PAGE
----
World Bank support in the transitional period should be: - Support the recovery of the economy; help Yemen improve its investment laws and policies to allow FDI flow. - Focus on recovery and restructuring damaged areas as a result of the conflict such as Hasaba, Abyan, Sa'ada. - Move from your usual implementing partners and support community based projects and CSOs that are youth lead. - Introduce an urbanization project for Aden, paying attention to preserving heritage and archeology, many sites were disturbed during the last few months due to ignorance, the Persian temple is being sabotaged for example.

2. Are the proposed areas of engagement appropriate? Will they meet Yemen’s demands and needs?

It depends on the execution. Sorry but I have low faith on WB. Their intervention in education in Yemen for example was so sad. The Basic Education Development Project (BEDP) was disappointing. For almost a decade I only saw fake numbers of increased enrollment rates without any quality paid to curriculum development. Don't take me wrong Basic Education Development is vital. As such, it is important to select accountable implementation partners, guide sincerely the government of Yemen with ways to reduce corruption, continuously monitor implementation and conduct assessments, focus on lessons learned and sustainability by empowering local partners. Additionally, work with the government on investment friendly policies and with the private sector on corporate social responsibility. Build the capacity of Yemen to be a productive manufacturing country to move from oil-based economy.

3. What are the key risks and how might we prepare for them?

We need the international community to help us reduce government corruption. I don't mean by restricting policies on paying officials working on donor's projects, but I'm saying by helping the government introduce a remuneration system that will be enough for the average Yemeni government official in living a decent live. For example, raise salaries, prevent ghost employment, enhance work ethics…etc.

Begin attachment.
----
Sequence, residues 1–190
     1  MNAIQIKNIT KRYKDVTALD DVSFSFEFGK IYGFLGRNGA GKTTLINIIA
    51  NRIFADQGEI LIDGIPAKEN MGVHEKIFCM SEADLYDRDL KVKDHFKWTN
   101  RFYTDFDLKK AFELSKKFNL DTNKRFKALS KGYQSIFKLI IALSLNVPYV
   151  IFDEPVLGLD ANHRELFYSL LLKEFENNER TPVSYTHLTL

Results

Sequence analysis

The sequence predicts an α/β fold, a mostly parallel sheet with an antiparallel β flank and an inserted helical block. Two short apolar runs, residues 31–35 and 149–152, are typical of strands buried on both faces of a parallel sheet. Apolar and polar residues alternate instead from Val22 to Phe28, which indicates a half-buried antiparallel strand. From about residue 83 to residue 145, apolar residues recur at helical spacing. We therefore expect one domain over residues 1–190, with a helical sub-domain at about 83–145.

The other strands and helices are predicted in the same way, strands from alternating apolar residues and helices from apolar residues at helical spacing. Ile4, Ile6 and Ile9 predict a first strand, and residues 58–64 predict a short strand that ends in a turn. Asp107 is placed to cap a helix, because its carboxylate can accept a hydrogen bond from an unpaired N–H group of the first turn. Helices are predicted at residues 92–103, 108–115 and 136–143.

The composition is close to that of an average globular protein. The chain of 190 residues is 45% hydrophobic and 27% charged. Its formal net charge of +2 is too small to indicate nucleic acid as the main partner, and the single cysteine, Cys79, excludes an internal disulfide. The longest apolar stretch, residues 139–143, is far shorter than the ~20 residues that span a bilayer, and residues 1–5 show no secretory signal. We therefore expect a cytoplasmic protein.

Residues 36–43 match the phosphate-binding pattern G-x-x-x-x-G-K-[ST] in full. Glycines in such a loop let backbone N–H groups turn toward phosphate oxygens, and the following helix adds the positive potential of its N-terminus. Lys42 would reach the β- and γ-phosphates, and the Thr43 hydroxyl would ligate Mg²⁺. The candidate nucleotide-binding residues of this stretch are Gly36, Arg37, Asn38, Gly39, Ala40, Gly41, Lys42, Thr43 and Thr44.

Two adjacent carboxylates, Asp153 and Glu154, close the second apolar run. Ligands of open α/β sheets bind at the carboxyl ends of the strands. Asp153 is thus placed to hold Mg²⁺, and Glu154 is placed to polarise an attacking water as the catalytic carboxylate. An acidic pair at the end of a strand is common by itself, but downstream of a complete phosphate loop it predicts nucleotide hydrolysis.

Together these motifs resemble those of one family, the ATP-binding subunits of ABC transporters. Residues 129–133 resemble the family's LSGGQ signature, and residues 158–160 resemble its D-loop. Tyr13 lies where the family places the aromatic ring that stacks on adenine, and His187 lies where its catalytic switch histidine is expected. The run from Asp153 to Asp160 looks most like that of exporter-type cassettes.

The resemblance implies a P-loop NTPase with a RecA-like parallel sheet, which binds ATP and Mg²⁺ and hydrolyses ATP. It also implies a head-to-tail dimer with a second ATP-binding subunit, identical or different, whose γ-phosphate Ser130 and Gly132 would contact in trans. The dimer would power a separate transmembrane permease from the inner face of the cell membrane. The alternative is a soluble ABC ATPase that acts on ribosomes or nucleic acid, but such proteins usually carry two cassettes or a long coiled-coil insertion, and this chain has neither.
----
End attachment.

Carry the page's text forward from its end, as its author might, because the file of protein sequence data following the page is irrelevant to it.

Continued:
4. How can we improve the implementation of our program?

Increase your experienced local staff and introduce more transparent recruitment policies. Reassess your current implementation local partners. Put Arabic translation of all project documents for transparency. Check out BIC case of Yemen CSOs requesting Arabic translation of project documents and respond. 5. Are there things the World Bank Group could do differently? This is the first time I see the world bank opening room for feedback from Yemeni citizens on its programmes. This should definitely continue. Good luck.

Thank you Rasha for your thoughtful comment.

World Bank support to education in Yemen over the past years has focused on helping the country achieve universal access to primary education ensuring equal access for girls and boys. By this measure Yemen has made remarkable strides in expanding access to basic education. Its Gross Enrollment Rate for basic education increased from 62 percent in 1998/99 to approximately 86 percent in 2010/11.  For girls the improvement is even more spectacular: enrollment in basic education increased from 42 percent in 1997/98 and to 76 percent in 2010/11.

The really big challenge is the fact that the quality of education remains a real issue. The current transitional government is sharply aware of this and we are working with the Ministry of Education on the next phase of the Basic Education Development Project (BEDP) which will focus mainly on improving the quality of basic education by revising the curriculum to create better competencies for young learners and provide more professional teacher training.